_
     
  10. mogollonmonster

    mogollonmonster New Member

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    Either 12-14mm, I believe the Dax motor I'm running is 14mm. Standard sockets are deep enough, although an extension might be necessary to clear the cooling fins. I always use 1/4 inch drive, to keep me from being over zealous. I don't own a torque wrench, but I'm one of them who can "feel" torque, I've been turning wrenches a long time, and I'm familiar with the sensations of steel preparing to give. There is no fastener on these engines that needs to be that tight. I do not always torque wrench, but when I do, I use the needle type.

    Buy one, it'll save your bacon. Most of my repairs are done on the roadside, well away from anyone and anything, crosslegged on the shoulder of some lonely highway. Those situations are rarely conducive to proper equipment usage. After making a head gasket out of a bud lite can with a razor knife, just get the thing tight and get it home. That is not the proper way of things, buy a torque wrench.
     
  11. Slogger

    Slogger New Member

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    I tighten them to a half a tug past snug. <about 15 foot pounds>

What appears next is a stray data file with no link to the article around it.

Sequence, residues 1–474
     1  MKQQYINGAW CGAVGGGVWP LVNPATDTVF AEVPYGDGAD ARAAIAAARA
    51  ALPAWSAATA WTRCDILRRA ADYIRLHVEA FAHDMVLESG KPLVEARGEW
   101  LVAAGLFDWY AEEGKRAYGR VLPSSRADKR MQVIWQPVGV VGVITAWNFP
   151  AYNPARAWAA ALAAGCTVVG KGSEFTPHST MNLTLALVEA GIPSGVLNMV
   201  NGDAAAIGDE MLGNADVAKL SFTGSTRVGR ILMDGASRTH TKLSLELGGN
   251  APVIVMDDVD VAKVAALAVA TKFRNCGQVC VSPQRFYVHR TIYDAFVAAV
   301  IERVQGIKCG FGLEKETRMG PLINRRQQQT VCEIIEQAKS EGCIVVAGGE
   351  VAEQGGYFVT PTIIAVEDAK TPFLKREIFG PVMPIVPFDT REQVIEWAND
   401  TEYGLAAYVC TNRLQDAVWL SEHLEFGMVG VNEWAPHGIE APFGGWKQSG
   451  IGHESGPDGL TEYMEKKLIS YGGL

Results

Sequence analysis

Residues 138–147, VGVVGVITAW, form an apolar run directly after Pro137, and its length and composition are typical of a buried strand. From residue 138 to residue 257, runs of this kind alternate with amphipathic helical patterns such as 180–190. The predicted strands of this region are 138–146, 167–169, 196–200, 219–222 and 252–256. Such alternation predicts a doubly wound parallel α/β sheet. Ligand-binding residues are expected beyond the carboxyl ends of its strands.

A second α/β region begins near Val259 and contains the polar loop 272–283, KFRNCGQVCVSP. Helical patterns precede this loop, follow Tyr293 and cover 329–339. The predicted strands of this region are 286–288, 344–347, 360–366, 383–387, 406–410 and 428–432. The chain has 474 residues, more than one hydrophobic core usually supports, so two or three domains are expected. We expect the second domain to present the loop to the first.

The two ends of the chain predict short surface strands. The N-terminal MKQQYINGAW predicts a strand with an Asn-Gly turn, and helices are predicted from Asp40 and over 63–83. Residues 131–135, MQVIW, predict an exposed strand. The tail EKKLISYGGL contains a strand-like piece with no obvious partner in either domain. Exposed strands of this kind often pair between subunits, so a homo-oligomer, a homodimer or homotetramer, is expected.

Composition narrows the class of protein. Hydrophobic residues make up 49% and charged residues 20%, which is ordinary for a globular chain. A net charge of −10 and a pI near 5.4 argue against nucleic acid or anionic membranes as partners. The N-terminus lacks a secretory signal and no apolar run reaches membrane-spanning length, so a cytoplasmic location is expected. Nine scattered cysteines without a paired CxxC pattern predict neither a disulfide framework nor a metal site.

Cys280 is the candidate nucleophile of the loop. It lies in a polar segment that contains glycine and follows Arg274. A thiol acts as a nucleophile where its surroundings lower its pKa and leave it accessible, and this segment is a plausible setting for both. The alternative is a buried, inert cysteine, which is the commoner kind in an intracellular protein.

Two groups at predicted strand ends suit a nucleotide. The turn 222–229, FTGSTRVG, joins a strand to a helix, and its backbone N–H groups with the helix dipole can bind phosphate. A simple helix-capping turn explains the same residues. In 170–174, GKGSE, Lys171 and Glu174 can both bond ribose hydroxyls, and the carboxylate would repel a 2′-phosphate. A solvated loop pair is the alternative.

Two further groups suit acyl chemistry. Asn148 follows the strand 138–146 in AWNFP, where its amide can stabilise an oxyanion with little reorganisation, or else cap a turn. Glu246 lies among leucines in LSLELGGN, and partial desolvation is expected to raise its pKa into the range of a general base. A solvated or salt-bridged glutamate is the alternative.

I don't even have a head gasket, never did.


    I never mess with them til the engine is cool. The aluminum threads will strip easier when hot.
     
  12. ezrider

    ezrider New Member

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    I'll just have to specify a 'deep socket' which should work. Supposedly, the head bolts are already factory tightened, and you don't have to fool with them. However, its never a bad idea to check those head bolts along with all the other fasteners just to play it safe.
     
  13. sbest

    sbest New Member

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    Compression firing never strips the threads on these engines. It is always human error. If it was running well while you had it, it wasn't likely the previous owner. The case metal on these is not so bad either, but some of the owners....

    If you have a 48cc motor with M6 studs, you can always drill and tap them out to M8. Room for the nuts will be a bit tight but 12mm x M8 nuts are available. If you have the 66cc with the M8 studs I don't think you are going to get M10 in there. Not a lot of metal around the stud for an insert nut. Pretty much gotta use a helicoil.

    As for what tool to use, the M6 nuts are pretty much always 10mm and due to the depth you have to use a socket. The M8 studs have 12, 13 and 14 nuts available. 13mm is ISO standard, 12mm is Japan standard and my Grubee came with 14mm, go figure. I carry a short "tube wrench" for on the road repairs:
    [​IMG]

    Stripped threads on these motors are pretty much always operator error. You have to use a torque wrench at least for the first 5 years of your motor mechanic existence. I use one in all the critical areas still.

    Steve
     
  14. mogollonmonster

    mogollonmonster New Member

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    Compression stripping at less than 180psi... Nope. Operator error. It might be aluminum but it ain't a pie tin. Blame the dog, but not compression.